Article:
Ensconced in the center of the Zellerbach Playhouse is a vertiginous stage, stained in aquamarine, licorice red and pale salmon. Floating around the arena are knee-high tables, an assortment of chairs and a monumental amount of tapestries, ranging from the typical pillow sham to the ones draped across a college student’s window. To the side is a nook resembling a backyard concert. It’s an array of set dressing which magnetizes in service of the story. At the convergence of the UC Berkeley Department of Theater, Dance and Performance Studies, or TDPS, program’s reimagining of Bertolt Brecht’s “The Caucasian Chalk Circle” is an inventive and daring perspective on neo-colonialist impositions and the caustic relations within class divides.
The prologue opens on an uprooted village under the supervision of an authority seemingly like NATO. The citizens band together to stage a play, “The Caucasian Chalk Circle,” for the military personnel. Within this frame, a revolt brews against the nobility of the town, that is similar to the one in the prologue. When the powder keg finally bursts, the governor’s son is forgotten and abandoned in favor of posh commodities belonging to the court. A local village girl claims the boy as her own, and as she seeks refuge away from her war-torn country, she must fight against the powers that be: religion, greed and law.
The ambition of Brecht’s style, epic theatre, is to separate the stage from the audience — making participants aware they are watching a play indicative of life outside the theater.
TDPS uses its own bag of tricks to disrupt the theater space. With only 19 actors in its company and more than 50 characters in need of a voice and body, an exquisite use of costuming grants performers liberty to plunge into a vivacious spectrum of personalities. Each outfit is distinct enough to imprint characters through cloth alone. Where one moment an actor surfaces as the oppressive arm of the aristocracy, clad in midnight black, a few minutes later they reappear in farmer’s garb with all new traits, speech patterns and gait. The play itself is buoyed by the versatility of the performers.
The production utilizes in-the-round staging, which is fun to watch as characters appear from any of the five available entrance points. But the orchestrated chaos is only sustainable for so long. As abrupt shifts continuously disorient the audience, the style becomes a hindrance at times. Still, the blocking of actors is impressive as they maneuver in a way that makes plot devices apparent to all audience members circling the stage. There are times where more than 10 actors glide across the stage like ballet dancers. While it becomes difficult to keep track of the central action, “Chalk Circle” alleviates this pressure by having characters grouped in pairs — both playing into a dynamic that renders them inseparable.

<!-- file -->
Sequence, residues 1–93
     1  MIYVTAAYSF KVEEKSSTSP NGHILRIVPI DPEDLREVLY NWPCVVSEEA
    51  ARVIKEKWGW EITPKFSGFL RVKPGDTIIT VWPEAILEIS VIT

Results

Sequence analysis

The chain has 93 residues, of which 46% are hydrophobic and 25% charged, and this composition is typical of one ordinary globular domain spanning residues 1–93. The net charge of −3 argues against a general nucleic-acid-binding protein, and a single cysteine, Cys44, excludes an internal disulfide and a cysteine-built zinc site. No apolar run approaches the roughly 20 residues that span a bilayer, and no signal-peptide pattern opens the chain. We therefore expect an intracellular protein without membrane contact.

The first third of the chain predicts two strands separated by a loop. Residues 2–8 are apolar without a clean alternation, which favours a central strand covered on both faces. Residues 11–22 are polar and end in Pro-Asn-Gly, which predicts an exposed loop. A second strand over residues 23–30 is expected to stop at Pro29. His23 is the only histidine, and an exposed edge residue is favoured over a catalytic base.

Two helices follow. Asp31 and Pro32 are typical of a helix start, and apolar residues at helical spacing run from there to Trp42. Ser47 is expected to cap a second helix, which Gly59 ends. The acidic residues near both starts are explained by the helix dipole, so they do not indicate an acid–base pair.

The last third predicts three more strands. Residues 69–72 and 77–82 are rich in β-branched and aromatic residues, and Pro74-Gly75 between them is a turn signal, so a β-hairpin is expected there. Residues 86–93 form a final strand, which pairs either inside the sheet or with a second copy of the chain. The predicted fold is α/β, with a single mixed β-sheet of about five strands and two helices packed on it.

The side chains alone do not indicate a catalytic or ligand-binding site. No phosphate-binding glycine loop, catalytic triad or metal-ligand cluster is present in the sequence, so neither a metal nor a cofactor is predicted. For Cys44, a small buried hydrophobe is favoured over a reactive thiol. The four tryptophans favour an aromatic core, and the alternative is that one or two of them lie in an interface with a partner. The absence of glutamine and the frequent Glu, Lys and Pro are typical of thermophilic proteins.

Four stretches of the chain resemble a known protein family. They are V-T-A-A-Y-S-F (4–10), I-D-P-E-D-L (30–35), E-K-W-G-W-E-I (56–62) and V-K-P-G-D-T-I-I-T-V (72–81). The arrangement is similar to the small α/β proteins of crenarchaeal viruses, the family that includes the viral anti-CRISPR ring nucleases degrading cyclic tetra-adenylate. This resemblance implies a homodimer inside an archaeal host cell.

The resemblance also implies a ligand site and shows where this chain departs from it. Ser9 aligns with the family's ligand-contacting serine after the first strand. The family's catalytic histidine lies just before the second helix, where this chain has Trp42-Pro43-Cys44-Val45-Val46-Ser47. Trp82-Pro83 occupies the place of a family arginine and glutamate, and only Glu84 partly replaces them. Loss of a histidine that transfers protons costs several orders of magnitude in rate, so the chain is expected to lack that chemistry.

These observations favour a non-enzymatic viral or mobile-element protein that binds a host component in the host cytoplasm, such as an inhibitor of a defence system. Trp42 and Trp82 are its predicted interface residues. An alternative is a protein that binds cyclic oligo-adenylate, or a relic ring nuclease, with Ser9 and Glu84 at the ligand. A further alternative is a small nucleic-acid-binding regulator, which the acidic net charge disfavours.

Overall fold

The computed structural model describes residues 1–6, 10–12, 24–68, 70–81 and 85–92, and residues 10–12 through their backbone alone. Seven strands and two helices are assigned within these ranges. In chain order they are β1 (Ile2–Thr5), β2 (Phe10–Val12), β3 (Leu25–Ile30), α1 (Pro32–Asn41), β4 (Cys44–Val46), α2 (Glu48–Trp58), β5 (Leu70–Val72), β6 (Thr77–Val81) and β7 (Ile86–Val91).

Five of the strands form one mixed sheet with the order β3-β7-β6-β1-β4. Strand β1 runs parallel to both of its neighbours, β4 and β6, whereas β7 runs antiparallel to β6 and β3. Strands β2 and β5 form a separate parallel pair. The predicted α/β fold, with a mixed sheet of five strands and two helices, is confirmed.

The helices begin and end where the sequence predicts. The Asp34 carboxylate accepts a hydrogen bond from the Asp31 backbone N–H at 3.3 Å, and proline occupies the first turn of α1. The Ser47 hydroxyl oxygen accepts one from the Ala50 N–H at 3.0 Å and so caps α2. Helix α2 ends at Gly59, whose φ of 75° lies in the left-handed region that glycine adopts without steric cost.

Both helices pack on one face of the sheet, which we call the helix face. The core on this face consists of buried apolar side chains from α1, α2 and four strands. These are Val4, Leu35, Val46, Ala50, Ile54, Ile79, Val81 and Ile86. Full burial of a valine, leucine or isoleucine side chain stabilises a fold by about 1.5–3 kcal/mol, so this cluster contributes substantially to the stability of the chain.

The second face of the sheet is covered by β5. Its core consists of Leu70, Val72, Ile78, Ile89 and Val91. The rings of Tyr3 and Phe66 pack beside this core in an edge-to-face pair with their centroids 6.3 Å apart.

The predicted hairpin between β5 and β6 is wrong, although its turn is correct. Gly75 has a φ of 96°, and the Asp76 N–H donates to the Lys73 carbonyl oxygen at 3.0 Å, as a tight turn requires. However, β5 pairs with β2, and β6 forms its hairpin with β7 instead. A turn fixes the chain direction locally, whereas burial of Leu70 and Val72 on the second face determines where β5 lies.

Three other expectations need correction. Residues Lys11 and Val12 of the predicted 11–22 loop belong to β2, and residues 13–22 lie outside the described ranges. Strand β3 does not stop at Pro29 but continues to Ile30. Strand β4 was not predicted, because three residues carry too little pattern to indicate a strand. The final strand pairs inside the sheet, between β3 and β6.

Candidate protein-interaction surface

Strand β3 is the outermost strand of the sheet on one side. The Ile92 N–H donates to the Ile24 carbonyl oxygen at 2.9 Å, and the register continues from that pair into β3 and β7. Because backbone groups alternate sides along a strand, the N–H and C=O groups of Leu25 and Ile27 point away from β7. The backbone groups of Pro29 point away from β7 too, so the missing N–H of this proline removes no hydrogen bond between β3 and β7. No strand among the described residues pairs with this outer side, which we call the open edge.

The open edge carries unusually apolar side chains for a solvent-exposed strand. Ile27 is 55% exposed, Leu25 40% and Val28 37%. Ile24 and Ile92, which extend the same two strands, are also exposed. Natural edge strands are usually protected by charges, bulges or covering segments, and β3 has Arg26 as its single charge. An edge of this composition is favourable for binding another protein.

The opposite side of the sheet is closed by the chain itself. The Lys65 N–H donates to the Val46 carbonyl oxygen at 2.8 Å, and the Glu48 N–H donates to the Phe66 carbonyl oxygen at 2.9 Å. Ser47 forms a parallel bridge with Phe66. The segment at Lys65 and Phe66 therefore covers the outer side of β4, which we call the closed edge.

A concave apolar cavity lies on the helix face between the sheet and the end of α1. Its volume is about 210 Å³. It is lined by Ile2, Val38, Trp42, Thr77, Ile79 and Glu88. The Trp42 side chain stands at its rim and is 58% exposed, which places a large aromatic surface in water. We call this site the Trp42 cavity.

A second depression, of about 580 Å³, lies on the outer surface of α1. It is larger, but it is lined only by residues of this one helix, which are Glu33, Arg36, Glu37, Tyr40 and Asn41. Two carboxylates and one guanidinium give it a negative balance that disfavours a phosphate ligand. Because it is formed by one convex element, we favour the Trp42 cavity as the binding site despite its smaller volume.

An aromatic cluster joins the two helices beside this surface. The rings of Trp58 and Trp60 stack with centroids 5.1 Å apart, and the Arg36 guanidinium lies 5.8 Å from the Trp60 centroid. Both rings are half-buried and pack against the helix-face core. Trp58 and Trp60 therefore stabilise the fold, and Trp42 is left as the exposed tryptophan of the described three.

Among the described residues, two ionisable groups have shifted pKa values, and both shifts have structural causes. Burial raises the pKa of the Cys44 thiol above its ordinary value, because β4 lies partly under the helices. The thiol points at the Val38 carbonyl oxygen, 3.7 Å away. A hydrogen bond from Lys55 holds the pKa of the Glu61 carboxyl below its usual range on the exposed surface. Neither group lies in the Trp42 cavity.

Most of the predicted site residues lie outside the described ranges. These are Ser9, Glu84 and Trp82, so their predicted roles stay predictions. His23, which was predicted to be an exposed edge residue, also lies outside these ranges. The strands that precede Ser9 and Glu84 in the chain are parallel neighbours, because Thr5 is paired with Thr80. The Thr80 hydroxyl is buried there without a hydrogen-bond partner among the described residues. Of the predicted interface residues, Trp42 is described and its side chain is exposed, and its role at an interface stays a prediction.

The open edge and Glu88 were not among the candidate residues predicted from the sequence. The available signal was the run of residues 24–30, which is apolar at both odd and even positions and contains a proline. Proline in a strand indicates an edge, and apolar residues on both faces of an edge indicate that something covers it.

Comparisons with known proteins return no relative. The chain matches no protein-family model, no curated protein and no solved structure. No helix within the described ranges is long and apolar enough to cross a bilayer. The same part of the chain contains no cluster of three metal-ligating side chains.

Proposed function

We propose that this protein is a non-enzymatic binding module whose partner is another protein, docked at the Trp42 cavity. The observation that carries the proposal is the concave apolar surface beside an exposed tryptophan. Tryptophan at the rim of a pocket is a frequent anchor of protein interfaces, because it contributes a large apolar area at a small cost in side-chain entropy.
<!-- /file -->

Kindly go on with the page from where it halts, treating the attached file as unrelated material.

Another facet is the use of a puppet to embody the central character of the governor’s son and the fabulous puppeteering by Diana Alvarado. The relationship between a parent’s control over their child’s autonomy is provoking; the mute and lifeless doll abstracts the concept of ownership better than if a real actor were used.
The band sits off to the side of the stage, its purpose being to expound the upcoming scene’s events and significant beats. It acts as a transitional device between temporal and spatial periods of “Chalk Circle” by way of guitar and percussion. The singing by the cast, for the most part, is emotional to the point where struggles of the characters on stage are brought to life through their offstage representatives. On the downside, the instrumentation tends to be rather dry in order to allow for vocals to be emphasized. A thumping drumline is usually the center of a song as only some acoustics coalesce around it. In total, all the polarizing effects of the play, although weaker when each one is isolated, do consolidate to make an energetic and audacious indictment in classic Brecht fashion.